The lockdown measures because of the coronavirus pandemic haven’t prevented Mame Khan from connecting with his vast fanbase. If anything, the acclaimed Rajasthani singer has been using technology to reach out to his admirers. On April 1, Khan performed from his home in Mumbai for a concert organised by Hungama Artist Aloud #StayAtHome #StayEntertained and streamed over Facebook. Since then, Khan has been online almost every other day.
“The home is where my bag is,” Khan told Scroll.in over the phone. “I have been in Mumbai since day one of the lockdown, performing for my fans, ensuring they don’t feel low and stay home. Meanwhile, I am also working on my own material, which might be out later this year or in 2021.”
Khan is among a long list of musicians and singers who have been reaching out to listeners through free digital concerts during the lockdown. The list includes DJ Nucleya, pop group Parekh & Singh and veteran playback singers SP Balasubrahmanyam and Asha Bhosle.
Khan’s online concerts, in which he performs with just a harmonium, are vastly different from his boisterous stage events as well as the traditional performances by the Rajasthani Manganiyar community to which he belongs.
The first track Khan performed on April 1 was his version of the popular Rajasthani folk tune Kesariya Balam. While Kesariya Balam is usually performed in the six-beat Dadra taal, Khan’s interpretation has a 4/4 time signature.
“Our kind of Rajasthani folk music lends itself easily to fusion and can mix with anything because we don’t have rules,” Khan explained. His debut album Mame Khan’s Desert Sessions (2015) features the saxophone alongside the primary instruments of his community – the stringed kamaicha, the khartaal, and the dholak.
“It’s all oral tradition and there’s room for improvisation,” Khan explained. “I believe if you master your own art well, you can collaborate with anyone, like I have with jazz musicians, Spanish flamenco artists, Romanian gypsies, opera singers.”
A descendant of a storied family of Manganiyar musicians that stretches back 15 generations, Khan trained under his father, Rana Khan. His first love wasn’t singing but playing the dholak. “I would buy all the cassettes of Zakir Hussain saab and replicate his work on the tabla on my dholak,” he recalled.
Khan first played the dholak outside Rajasthan at the age of 12 on the occasion of Independence Day to a crowd that included Prime Minister Rajiv Gandhi. In 1999, after a seven month-long tour of Brussels, Khan returned to India without his precious dholak. He had assumed that he would return to the Belgian capital to retrieve the percussion instrument, but that was not to be.
Khan’s father suggested that he switch to singing – advice that has resulted in concerts in close to 60 countries and at such prestigious venues as the Lincoln Center for the Performing Arts in New York City, the John F Kennedy Center for the Performing Arts in Washington DC, and the Sydney Opera House.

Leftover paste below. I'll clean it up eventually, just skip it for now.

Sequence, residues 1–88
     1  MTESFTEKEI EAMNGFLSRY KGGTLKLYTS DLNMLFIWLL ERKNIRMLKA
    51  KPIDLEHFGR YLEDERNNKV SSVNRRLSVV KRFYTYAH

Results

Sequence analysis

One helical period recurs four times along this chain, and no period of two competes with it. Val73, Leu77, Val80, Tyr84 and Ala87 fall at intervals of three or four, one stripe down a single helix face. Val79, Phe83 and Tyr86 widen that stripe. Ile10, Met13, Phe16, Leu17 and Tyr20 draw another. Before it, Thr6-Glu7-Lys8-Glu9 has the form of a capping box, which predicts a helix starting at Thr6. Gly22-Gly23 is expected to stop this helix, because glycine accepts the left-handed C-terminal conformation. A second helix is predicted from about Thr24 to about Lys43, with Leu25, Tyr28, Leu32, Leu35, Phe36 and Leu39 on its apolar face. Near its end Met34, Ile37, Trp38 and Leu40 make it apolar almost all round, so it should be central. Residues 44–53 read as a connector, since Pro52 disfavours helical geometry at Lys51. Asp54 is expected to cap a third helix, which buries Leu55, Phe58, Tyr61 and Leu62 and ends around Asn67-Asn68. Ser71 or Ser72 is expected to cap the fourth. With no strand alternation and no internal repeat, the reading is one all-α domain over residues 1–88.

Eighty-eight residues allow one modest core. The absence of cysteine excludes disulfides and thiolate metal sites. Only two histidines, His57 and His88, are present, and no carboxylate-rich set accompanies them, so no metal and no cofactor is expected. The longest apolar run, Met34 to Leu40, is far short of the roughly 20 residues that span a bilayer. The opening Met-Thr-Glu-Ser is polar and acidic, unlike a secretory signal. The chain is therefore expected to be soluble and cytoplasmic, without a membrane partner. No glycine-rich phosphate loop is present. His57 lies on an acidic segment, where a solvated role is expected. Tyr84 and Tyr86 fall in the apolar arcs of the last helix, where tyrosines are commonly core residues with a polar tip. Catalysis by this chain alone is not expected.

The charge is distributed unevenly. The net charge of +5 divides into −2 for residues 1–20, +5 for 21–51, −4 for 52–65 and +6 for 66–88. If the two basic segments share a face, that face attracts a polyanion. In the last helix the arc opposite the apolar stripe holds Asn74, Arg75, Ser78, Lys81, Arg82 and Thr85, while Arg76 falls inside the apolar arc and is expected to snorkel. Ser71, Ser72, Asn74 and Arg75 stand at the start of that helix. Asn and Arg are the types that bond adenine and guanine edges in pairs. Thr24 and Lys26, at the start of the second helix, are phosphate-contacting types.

In 2005, Khan performed at the wedding of Ila Arun’s daughter, the VJ and actor Ishita Arun, in Mumbai. Among the guests was Shankar Mahadevan. The singer, who composes music for Hindi films along with Ehsaan Noorani and Loy Mendonca as Shankar-Ehsaan-Loy, recruited Khan to perform the folksy dance number Baawre for Zoya Akhtar’s directorial debut Luck By Chance (2009).
Baawre was Khan’s first-ever studio recording. “When Shankar Mahadevan called me, I thought it must be for a performance, so I went wearing my entire costume, the turban, everything,” Khan recalled. “I entered the studio and there was Shankar, Zoya Akhtar, Javed Akhtar. Shankar said, we have called you just to record a song.” Baawre was followed by several collaborations with Mahadevan, including playback for films such as Mirzya (2016) and live performances.
Khan’s association with another film music composer, Amit Trivedi, led to the hugely popular Coke Studio India recording of Chaudhary in 2012. Chaudhary is among a handful of tunes strongly associated with Khan, alongside Kesariya Balam and Mitho Laage, produced with guitarist-composer Dhruv Ghanekar.
Khan performs these crowd-pullers along with his folk fusion group Rock’n’Roots Project. “When people would tell me folk music was dying, I’d get angry, and then I promised myself that I would never let people say this again, so I began the Rock’n’Roots Project,” he said. “I believe everyone should respect time and move with it, not against it.”
His singing inspirations include Nusrat Fateh Ali Khan, Bade Ghulam Ali Khan, and his father Rana Khan, whose Loli is part of the Desert Sessions album. “This album is special because it’s the first crowd-funded folk album by any Manganiyar artist,” Khan said. “In the old world, we survived from donations by our Hindu patrons. In the new world, our online funders are our patrons.”
While the origin of the name Manganiyar is disputed, Khan put forward two theories. “Manganiyar either stems from maha-gun-yaar, as in those with a treasure of talent, or it goes back to ancient Islamic history, when two singers performed at the birth of Hussain and Hasan, and their mother, Fatimah, asked them what do you want, and she gave them her necklace, and called them mang-ni-haar,” he said.
Among the most well-known tributes to the community is Roysten Abel’s stage production The Manganiyar Seduction, whose singers included Mame Khan. Hindi film music and television shows such as The Dewarists and Coke Studio India have also propelled Khan and his contemporaries, including Kutle Khan, towards popstar status.
“Earlier, in life, there was struggle, learning, and improving,” Mame Khan observed. “The struggle isn’t there anymore as much by god’s grace, but learning and improving never stop.”